June 10, 2007 – 7:31 pm

The Origin Of Ink

Ink is a type of liquid containing many pigments and dyes, which are used for coloring to bring out an image. Ink may be used either for writing or drawing with brush or pen respectively. Ink may also be of the thick variety, which is used in letterpress and lithographic, printing.
The Egyptians were one of the earliest to have used ink. It consisted of many natural dyes from metals, beans, seeds and even from squids. India ink started in Asia and is black. The old school of painters used walnut ink and or iron gall ink.
Some sort of adhesion quality is essential for inks. These adhesions are known as resins or agents that bind in ink that is water-based. Pigmented ink is best for printing on paper because it stays on the surface and thus less ink is required to make the mark.
Apart from adhesives the main components of ink comprise of pigments. Pigments are all about hue, saturation point and quality of brightness. It all depends on the source as well as the type of pigment. However, ink that is based on dye is much stronger than those based on pigments. But the disadvantage is that the dye, since these are dissolved in liquid, has a tendency to drench the paper. Thus not only is it less efficient but it blurs the image making the quality of the produced product poor. To solve this, dye-based ink is now made with solvents that rapidly dry out. Sometimes the methods of printing allow for quick drying. Another angle of approach is to use hard paper or having the paper coated with a charge. Another term used in the world of ink is cellulose. This is the material from which paper is made. It is so charged that it computes well with both the surface and the dye. The name of such a compound in ink-jet printing inks used commonly today is polyvinyl pyrrolidone. There are however advantages and disadvantages. On the one hand it leads to optical brightness but on the other it is more susceptible to the effects of fading.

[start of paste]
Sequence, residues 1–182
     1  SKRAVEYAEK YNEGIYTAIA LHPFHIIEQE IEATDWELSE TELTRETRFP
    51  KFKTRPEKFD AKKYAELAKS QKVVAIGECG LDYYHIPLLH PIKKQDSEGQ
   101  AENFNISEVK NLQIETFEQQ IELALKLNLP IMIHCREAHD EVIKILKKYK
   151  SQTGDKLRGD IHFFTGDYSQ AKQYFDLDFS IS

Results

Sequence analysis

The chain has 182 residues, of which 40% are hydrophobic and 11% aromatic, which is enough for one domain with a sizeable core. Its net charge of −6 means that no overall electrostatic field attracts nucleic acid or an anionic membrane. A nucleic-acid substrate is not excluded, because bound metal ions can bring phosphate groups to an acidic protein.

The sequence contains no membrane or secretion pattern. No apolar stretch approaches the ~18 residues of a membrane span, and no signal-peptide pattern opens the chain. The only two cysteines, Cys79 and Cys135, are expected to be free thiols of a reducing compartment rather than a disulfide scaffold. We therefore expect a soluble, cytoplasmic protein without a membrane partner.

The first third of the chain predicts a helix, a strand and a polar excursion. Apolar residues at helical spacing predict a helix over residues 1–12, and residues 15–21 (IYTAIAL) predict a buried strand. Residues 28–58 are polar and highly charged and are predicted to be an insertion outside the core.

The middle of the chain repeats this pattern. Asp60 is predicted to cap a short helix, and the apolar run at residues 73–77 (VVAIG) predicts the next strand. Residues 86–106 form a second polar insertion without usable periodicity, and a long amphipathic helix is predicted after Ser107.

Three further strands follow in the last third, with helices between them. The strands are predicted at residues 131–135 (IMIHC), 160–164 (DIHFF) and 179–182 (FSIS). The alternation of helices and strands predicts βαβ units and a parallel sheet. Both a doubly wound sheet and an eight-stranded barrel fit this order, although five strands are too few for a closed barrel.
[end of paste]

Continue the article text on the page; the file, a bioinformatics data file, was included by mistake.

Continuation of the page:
Ink made its debut in the history of mankind about five thousand years ago in China. Initially it was used for blackening raised portions of pictures and texts on engraved stones. The components of this early ink were soot and animal-based gelatin. Other countries developed many types and colors of ink from berries, minerals and various plants. Pine smoke and lamp oil were also used. About one thousand six hundred years ago ink was popularly made from iron salts, mixed with tannin and acid. The color was bluish black. Time turned it into a dull form of brown color. In the Middle Ages sheepskin parchment was used for writing. In the 12th century drying hawthorn branches, which were then pounded before being soaked for eight days, formed ink. The concoction was boiled in water until the paste thickened and blackened. This ink was then poured into bags dried. Finally this dried stuff was mixed with iron salt and wine over a fire.
Guttenberg developed a new type of ink during the 15th century to go with his printing press. At that time the two prevalent types of ink were Greek and Roman and neither could stick to the surface of the paper meant for printing. The solution consisted of a type of ink made from soot and turpentine mixed with walnut oil.
The modern world and the ball point together with the computer age are bringing about changes daily in the world of ink. A word of caution should be kept in mind. Ink is dangerous if it is ingested.

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